The past year has see Reuters launch an India specific website, a service targeting farmers called Reuters Market Light in Maharashtra, and most significantly, and on the television front part ways with BCCL (Times of India Group) over Times Now. Reuters has been talking to prospective partners in India over setting up TV operations – they need a partner in India because only 26 percent foreign investment is allowed in the news media space. I spoke to Azhar Rafee, Executive VP Media (Asia) for Reuters on the sidelines of the NDTV New Media Congress earlier this month:
How has it been for Reuters in India over the past year?
Very good. Last year we brought the top guy in – SN Bhaduri, who was heading the digital initiatives for Hindustan Times earlier – and he helped us create a strategic plan. We spent on getting a team together, hiring product people, and on editorial refinement and redoing the site. We put the first elements of the site together and launched in October 2007. The traffic has been very good and the revenue has also started. We’ve got some great advertisers – Microsoft (NSDQ: MSFT), Religare, HP, American Express.
There’s a certain dichotomy you face as an agency vs a consumer business…
You know, we don’t have that challenge anymore. The people who come directly to Reuters come to the source for some material, while our clients, who buy content from us, are established media companies. Our clients are very confident in their own ability to take content from us, and then create an experience and editorial material that serves their clients and readers. It’s not an apple to apple comparison, so we don’t really have to deal with that dichotomy.
How is Reuters Market Light doing?
We launched Market Light last year, and the idea was to empower the farmers, providing weather forecasts, price transparency. Amit Mehra is heading this. We want to go to three states by the end of the year and make it multilingual. We’re covering 17 different crops, and putting together an editorial team together just so the focus is right. We did strong pre-research, and are refining the content. I think we’re definitely going to push the Market Light a lot more. How about taking this price transparency into a transaction? Our goal is to get 250,000 – 300,000 farmers by the end of this year. Regional languages are very important here; the farmers need to have access to the content. There will be a component where they can dial in and get support, but it has to be a simple and easy service.
More on new services planned and the BCCL deal in the extended text
Can we expect more services from Reuters?
We’ve launched with a stock oriented site, and are going into mutual funds, commodities, currency – that’s the idea. We will continue to be a premium service and the idea is to be the leading brand for the personal wealth management and individual investing in India. We’re talking about generating revenue and having teams on the ground.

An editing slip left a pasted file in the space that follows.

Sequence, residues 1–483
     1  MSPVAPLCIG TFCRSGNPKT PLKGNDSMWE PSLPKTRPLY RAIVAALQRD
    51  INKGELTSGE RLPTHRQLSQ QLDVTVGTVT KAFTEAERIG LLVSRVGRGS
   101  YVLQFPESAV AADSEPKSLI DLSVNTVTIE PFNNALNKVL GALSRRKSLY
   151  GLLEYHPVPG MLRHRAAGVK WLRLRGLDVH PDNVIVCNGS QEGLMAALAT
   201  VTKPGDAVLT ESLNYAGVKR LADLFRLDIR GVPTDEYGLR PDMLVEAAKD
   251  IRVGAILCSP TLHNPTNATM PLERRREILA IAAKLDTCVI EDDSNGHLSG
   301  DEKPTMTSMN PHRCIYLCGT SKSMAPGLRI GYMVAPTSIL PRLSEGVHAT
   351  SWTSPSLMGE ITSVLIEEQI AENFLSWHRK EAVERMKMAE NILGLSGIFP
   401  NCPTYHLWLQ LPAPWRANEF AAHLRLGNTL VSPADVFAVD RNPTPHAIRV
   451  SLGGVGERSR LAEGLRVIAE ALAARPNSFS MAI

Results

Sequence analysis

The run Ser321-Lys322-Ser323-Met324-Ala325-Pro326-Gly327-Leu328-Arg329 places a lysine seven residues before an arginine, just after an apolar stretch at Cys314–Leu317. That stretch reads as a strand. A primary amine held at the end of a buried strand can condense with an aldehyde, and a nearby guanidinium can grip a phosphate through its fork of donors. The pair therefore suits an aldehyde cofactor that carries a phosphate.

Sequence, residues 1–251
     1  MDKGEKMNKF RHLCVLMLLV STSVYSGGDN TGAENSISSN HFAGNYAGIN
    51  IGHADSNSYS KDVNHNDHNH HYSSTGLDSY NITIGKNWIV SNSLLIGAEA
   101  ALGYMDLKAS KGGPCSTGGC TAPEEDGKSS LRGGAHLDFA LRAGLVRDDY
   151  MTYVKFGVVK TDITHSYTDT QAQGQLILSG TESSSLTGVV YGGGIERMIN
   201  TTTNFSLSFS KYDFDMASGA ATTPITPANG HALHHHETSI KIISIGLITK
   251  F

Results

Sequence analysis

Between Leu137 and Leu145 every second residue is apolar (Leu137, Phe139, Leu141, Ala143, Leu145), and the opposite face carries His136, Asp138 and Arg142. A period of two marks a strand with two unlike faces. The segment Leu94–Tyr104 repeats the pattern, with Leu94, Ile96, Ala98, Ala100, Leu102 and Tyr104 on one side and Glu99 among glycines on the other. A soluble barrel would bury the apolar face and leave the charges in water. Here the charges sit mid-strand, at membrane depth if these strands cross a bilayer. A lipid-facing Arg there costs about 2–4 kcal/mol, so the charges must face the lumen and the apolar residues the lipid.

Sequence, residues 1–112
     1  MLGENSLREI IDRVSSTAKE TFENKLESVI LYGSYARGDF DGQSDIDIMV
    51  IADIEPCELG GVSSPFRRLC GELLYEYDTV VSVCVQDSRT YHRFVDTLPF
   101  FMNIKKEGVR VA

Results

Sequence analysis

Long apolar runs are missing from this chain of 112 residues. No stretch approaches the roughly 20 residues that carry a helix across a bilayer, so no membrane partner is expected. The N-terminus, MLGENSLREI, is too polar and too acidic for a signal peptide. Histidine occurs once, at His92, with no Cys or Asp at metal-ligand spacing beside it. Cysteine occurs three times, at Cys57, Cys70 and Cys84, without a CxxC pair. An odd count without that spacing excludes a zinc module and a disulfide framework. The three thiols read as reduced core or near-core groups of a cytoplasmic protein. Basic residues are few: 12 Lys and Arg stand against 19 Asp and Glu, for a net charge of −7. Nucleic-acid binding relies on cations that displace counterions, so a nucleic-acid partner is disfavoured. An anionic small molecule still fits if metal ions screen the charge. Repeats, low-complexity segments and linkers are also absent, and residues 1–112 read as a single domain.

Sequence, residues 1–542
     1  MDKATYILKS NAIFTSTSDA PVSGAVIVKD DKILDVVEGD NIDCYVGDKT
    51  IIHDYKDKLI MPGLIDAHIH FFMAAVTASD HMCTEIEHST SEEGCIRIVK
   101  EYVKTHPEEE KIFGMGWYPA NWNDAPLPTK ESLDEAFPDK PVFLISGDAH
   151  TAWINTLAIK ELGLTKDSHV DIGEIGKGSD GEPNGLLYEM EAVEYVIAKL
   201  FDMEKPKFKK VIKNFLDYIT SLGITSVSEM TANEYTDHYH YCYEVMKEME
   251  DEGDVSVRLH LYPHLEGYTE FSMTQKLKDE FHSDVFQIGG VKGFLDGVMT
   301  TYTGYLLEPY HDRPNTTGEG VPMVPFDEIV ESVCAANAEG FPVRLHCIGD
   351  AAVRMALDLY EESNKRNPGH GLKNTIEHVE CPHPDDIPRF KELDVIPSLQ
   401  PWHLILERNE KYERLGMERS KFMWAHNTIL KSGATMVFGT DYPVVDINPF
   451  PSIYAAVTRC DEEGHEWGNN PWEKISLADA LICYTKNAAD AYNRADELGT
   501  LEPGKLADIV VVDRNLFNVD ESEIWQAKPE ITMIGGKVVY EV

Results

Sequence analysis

What happened with the BCCL deal?
Times Now is a channel that is number one in its genre. As partners, felt that our strategies were evolving, and that different approaches would work better for individual companies. It was nothing more than that. We continue to provide them with our content and services, but from the strategic partnership perspective we felt that the direction we wanted to take in India was different from theirs. Sometimes what happens is that the goals we set for ourselves – we did achieve them – but to move forward it was better for us and them that we work with separate strategy. We remain extremely bullish on India and the team size is increasing, but more importantly, it’s important to note that we are engaged to figure out how to take this forward and whom to take this forward with.
So have you set yourself a timeline? Particularly since many content partnerships – NBCU-NDTV, ABC-UTV – are being closed in India?
The media space is a broad area where you can have multiple partners. I don’t see any closed doors…it’s going to take a bit of time. I wish it was faster – sometime this year, but hard to pin down whether June, July or August. Our teams are actively engaged in conversations, and I hope something will materialize.
What do you need prospective partners to bring to the table? How do you compare new entrants into the media space with existing ones?
Anybody in the media space is typically a client of ours. Local market knowledge is important. Television experience is important. We’ve got things covered from the global perspective. Question is how can we take what we have and marry it to something local to create a compelling experience for the Indian marketplace. I see strengths in both new entrants and established entrants in the media space – the new entrants come with very strong backgrounds and new ways of doing things, and some challenges.